They were known as the Wildflowers, the lot of them. Spent every summer here. Oh, the people they used to have staying. The glamour of it! You’d walk past on the way back from the beach and you’d see them above you, gramophone on, drinking cocktails, women in those beautiful dresses, and their kids running up and down the steps … What a life.”


HARRIET EVANS’ THE WILDFLOWERS is a family saga in the proper sense of the term. Paying more than a nod to the kind of novels Rosamunde Pilcher and Maeve Binchy wrote so successfully, Evans’ latest tale is set primarily in Worth Bay on the Dorset coast and centres around a now neglected, somewhat dilapidated house, once the beloved beachside home of actors Althea and Tony Wilde.

Wilde by name and wild by nature (forgive me, I just couldn’t help myself…), Tony and Althea are the darlings of the British stage, their tempestuous and passionate relationship played out rather publicly. The Bosky, where they spend the summers with their children, Cord (Cordelia) and Ben, is Tony’s childhood home, where he stayed with his glamorous and slightly arcane great aunt.

As the book opens, the family Wilde have been estranged for several years. Cord, a renowned singer whose voice has been destroyed, is called back to Dorset by brother Ben. Their mother, Althea, Lady Wilde, who now resides in a home near the Bosky, is dying and has something she wants to give to Cord. Ben also informs Cord that she will inherit the house on their mother’s death.

The Wildes’ story unfolds in a series of flashbacks. The past, from the 1940s onwards, is interwoven with the present, 2014/15, the secrets, which have all but torn the family apart, finally unveiled.

The Wildflowers is slow to burn, but it is a book worth persevering with. It’s an enjoyable novel, a perfect summer beach read.


The Wildflowers by Harriet Evans • 5 April 2018 • Headline • Paperback • £7.99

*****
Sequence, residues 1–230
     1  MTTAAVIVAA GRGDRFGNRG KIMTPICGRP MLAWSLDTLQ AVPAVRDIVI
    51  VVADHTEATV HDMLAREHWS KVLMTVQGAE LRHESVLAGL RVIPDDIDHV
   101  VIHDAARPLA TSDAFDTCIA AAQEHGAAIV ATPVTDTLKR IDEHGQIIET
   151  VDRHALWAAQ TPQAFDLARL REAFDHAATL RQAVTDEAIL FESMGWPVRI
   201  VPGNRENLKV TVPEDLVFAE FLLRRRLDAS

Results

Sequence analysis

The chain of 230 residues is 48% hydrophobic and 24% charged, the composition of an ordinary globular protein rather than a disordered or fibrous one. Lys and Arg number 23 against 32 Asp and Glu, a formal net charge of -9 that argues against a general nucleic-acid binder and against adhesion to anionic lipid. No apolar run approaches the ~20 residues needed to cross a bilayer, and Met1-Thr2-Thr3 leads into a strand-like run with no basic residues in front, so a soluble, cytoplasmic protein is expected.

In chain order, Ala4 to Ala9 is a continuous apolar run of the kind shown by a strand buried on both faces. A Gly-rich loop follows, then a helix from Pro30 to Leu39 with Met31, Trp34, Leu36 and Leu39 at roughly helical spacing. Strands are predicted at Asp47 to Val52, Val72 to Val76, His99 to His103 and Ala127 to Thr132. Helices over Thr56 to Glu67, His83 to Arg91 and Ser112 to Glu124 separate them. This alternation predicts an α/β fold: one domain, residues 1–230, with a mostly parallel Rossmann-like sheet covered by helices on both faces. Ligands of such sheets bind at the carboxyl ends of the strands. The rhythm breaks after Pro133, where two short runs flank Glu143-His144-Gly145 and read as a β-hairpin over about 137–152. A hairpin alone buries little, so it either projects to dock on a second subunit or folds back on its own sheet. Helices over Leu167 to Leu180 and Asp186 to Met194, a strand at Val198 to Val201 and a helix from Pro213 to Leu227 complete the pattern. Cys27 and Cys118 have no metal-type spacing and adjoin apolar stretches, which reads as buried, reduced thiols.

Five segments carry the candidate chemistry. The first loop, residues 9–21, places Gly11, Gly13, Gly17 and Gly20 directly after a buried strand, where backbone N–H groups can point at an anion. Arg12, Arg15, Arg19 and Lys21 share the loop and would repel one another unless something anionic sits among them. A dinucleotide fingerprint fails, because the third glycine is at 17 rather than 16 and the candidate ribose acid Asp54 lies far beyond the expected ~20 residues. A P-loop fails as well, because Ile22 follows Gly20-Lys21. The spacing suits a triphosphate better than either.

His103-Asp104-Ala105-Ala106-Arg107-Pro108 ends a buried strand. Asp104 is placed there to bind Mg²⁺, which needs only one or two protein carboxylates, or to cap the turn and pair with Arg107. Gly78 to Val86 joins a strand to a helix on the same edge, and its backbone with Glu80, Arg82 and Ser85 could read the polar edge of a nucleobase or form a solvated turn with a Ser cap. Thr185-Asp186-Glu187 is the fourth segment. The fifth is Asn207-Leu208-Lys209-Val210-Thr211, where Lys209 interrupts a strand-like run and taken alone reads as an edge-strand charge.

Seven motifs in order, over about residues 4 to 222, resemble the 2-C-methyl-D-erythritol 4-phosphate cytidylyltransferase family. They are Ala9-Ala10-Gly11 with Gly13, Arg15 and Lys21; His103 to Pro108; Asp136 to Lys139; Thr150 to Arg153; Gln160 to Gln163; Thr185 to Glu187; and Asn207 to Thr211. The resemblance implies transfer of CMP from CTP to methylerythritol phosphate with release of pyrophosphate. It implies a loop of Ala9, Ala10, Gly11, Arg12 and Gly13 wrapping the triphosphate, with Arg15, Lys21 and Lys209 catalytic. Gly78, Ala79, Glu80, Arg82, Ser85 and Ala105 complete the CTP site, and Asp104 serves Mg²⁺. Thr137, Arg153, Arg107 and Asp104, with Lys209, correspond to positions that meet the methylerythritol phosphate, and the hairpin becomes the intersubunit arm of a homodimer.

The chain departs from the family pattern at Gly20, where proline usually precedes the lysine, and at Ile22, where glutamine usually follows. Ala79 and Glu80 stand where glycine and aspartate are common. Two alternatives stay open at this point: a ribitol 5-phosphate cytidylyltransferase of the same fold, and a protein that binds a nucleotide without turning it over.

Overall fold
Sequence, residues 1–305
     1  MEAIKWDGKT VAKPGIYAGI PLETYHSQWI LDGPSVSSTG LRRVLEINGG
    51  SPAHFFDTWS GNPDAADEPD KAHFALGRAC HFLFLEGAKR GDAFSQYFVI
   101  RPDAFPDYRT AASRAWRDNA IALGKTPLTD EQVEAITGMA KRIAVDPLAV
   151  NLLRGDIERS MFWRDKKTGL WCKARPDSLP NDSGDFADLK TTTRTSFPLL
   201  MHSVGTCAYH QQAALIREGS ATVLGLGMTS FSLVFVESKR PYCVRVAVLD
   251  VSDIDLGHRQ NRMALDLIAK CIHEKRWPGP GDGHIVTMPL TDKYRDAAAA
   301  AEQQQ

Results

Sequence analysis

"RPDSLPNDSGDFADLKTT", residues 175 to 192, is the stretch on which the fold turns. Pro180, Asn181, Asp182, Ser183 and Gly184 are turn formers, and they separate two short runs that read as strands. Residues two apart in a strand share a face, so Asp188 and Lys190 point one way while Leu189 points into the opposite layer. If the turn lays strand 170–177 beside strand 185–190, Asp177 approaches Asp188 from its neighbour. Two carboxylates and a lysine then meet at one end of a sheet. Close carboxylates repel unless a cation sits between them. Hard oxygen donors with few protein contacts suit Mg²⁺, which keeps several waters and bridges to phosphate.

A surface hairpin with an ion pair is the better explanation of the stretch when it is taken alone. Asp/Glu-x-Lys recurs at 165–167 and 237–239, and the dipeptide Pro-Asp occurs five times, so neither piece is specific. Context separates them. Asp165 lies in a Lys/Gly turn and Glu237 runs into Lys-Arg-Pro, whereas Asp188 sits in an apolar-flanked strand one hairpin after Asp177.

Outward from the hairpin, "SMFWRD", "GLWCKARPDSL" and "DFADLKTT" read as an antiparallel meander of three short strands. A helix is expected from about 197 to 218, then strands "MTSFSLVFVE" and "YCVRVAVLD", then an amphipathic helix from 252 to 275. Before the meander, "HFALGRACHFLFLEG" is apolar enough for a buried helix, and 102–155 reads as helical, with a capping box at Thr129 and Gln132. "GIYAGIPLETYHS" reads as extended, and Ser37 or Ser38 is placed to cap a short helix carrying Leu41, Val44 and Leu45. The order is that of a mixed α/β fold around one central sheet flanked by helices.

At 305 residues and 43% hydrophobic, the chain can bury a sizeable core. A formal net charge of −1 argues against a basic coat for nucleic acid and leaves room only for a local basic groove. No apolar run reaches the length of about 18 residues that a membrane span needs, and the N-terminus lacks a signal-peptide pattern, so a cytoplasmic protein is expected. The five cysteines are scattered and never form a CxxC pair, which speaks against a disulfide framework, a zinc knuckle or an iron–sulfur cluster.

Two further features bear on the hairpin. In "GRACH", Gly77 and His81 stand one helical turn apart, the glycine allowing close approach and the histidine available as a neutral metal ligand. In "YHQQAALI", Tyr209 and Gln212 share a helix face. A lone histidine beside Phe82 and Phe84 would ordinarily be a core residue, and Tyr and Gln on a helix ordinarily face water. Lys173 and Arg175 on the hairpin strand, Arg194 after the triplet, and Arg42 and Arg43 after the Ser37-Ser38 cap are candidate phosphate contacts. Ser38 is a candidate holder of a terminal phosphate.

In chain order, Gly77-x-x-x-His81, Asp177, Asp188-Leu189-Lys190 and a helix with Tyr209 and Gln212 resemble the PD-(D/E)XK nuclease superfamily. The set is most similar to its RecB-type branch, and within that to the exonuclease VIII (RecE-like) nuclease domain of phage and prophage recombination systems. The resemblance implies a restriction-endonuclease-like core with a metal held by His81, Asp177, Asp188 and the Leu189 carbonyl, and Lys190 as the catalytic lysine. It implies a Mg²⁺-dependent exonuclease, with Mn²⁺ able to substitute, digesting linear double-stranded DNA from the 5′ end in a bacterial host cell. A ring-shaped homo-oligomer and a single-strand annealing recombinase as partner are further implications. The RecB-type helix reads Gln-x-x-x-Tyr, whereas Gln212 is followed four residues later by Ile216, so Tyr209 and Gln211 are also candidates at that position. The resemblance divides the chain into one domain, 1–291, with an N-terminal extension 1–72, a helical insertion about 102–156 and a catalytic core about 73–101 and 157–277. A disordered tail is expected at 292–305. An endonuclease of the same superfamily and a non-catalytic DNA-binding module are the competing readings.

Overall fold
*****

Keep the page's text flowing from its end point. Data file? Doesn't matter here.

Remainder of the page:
Music to listen to while reading:Somewhere in time‘ theme, John Barry (there’s always got to be John Barry and it’s perfect sweeping family saga music); ‘Rêverie‘, Debussy; ‘This never happened to me before‘, Paul McCartney; ‘Vincent‘, Don McLean.


Acknowledgements: This review is published as part of The Wildflowers book blog tour. Many thanks to lovely Anne Cater for inviting us to be part of the tour, and to the publisher, Headline, for supplying a book proof. All thoughts and opinions are our own. Quoted text, Frank’s recollections, page 5 © Harriet Evans 2018. Image ‘What’s on The Literary Shelf? The Wildflowers‘ © The Literary Shed 2018.


Also of interest:Reading on location – Sophie Green’s Australia‘; ‘Valley of the Dolls, 50 years on – some things just get better with age‘; ‘Nora Roberts’ Come Sundown‘; ‘Sing, sing a song – Gil Hornby’s All Together Now and the power of music‘; ‘Chris Whitaker’s mad, mad world – Tall Oaks; ‘How Penguin learned to fly – Allen Lane and the Original “Penguin Ten“‘; ‘“Amethyst and flowers on the table”, the beauty of Sufjan Stevens’ Carrie and Lowell, a review’.


This review is © 2018 by The Literary Shed. All opinions are our own. All rights are reserved. We welcome your feedback and comments, so please do contact us or fill in the form below. If you wish to reproduce this piece, please do request permission. Thank you so much.